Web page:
Capital Gains and Losses

Technically, almost everything you own and use for personal, pleasure, or investment purposes is a capital asset. Capital assets include, but are not limited to, homes, household furnishings, stocks, bonds, and mutual funds. When a capital asset is sold, the difference between the amount you paid (your basis) and the amount you sold it for is generally a capital gain or loss.

Here are some important facts about capital gains and losses:

• You must report all capital gains on your federal tax return. For most taxpayers, these generally include a primary residence (subject to significant gain exclusions), stocks, bonds, and mutual funds.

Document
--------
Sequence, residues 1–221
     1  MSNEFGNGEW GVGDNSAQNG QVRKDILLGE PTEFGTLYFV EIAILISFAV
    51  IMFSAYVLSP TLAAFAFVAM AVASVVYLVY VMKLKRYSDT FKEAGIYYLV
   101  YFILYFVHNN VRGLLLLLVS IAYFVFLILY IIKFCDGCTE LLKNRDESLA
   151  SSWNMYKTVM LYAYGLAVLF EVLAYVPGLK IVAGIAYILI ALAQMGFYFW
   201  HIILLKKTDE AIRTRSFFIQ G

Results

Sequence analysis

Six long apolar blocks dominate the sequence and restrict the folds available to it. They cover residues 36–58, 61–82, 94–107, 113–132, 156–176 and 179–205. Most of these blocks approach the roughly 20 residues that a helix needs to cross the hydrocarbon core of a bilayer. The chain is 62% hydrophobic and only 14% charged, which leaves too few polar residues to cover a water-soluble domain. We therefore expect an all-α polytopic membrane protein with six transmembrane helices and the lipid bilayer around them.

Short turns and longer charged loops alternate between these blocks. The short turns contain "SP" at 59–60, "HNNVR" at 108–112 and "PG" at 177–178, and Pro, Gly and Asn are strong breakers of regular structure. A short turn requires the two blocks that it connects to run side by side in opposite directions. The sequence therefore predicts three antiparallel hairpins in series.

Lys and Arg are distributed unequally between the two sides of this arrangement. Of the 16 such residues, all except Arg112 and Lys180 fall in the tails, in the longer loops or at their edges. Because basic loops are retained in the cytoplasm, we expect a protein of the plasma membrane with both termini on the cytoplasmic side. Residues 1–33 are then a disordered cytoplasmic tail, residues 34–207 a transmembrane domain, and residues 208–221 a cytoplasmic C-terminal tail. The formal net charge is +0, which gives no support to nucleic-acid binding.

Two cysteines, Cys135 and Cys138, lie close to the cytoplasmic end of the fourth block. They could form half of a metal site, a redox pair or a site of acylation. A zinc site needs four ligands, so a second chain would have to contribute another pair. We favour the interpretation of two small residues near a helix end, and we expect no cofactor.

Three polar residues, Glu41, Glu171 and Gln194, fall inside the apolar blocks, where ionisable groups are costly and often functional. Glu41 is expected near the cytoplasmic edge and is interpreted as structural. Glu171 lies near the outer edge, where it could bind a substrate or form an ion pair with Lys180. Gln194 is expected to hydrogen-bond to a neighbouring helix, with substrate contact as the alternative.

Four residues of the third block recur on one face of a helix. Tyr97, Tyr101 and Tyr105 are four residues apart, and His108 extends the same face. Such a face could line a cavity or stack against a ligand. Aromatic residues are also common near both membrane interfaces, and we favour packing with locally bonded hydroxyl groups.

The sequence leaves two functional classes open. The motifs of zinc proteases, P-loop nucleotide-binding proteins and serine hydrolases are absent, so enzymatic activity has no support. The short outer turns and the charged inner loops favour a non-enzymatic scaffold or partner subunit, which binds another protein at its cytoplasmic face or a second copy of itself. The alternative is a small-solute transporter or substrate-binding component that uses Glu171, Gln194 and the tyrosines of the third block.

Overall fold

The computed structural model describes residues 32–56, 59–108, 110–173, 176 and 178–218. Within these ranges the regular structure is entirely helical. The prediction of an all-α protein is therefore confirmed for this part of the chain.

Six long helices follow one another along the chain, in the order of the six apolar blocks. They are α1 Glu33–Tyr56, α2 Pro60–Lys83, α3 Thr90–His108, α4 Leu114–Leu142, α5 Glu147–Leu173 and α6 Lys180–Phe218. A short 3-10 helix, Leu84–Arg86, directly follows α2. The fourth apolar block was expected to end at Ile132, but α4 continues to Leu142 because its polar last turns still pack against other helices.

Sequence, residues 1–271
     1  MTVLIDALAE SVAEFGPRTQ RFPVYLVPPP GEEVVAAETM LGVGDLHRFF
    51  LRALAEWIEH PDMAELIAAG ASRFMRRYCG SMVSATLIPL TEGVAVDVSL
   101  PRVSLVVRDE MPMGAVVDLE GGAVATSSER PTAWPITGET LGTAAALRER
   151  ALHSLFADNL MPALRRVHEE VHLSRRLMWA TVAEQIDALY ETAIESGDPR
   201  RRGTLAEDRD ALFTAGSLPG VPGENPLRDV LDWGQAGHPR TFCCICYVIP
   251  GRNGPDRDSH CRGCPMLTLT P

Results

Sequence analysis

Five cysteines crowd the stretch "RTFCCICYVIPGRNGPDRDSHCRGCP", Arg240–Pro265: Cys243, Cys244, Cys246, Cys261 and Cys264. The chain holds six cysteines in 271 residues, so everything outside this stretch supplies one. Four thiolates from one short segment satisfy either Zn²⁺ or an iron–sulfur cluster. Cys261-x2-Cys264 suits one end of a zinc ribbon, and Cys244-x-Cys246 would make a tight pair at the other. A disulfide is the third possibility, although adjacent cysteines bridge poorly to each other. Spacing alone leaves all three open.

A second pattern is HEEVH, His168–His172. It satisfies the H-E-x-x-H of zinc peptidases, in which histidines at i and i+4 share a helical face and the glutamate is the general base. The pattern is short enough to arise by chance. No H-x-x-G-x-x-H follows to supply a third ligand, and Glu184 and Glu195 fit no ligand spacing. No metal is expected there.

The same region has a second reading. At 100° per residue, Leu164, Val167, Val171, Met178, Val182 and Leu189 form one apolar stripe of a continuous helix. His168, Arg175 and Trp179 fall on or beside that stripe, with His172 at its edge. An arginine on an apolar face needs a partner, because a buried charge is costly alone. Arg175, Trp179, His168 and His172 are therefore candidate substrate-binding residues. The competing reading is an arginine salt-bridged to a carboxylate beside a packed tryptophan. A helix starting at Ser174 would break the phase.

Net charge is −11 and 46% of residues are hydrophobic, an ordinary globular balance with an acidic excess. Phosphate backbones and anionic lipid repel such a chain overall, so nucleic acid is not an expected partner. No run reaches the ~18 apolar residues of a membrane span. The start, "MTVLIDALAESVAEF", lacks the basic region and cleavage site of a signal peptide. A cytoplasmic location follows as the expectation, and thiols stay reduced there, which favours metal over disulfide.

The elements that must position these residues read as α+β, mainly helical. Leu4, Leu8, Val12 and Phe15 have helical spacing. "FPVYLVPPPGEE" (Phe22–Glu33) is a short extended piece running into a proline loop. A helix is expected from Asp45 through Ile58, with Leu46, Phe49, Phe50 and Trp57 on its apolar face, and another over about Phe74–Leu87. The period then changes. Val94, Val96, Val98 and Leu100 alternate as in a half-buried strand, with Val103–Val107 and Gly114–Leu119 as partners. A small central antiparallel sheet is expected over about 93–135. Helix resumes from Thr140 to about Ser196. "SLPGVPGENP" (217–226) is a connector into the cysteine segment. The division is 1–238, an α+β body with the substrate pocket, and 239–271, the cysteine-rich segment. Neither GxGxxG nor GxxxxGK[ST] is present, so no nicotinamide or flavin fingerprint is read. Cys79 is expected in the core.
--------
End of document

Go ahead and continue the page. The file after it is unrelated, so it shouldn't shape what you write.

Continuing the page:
• You may deduct capital losses only on investment property (e.g., stocks and mutual funds), not on property held for personal use (e.g., homes and furnishings).

• Capital gains and losses are classified as long-term or short-term, depending on how long you hold the property before you sell it. If you hold it for more than one year, your capital gain or loss is long-term. If you hold it for one year or less, your capital gain or loss is short-term.

• The tax rates that apply to long-term capital gains are generally lower than the tax rates that apply to short-term capital gains and wages.

• If your capital losses exceed your capital gains, the excess can be deducted on your tax return and used to reduce other income, such as wages, up to an annual limit of $3,000, or $1,500 if you are married filing separately.

• If your total net capital loss is more than the annual limit on capital loss deductions, you can carry over the unused part and treat it as if you incurred it in the following year.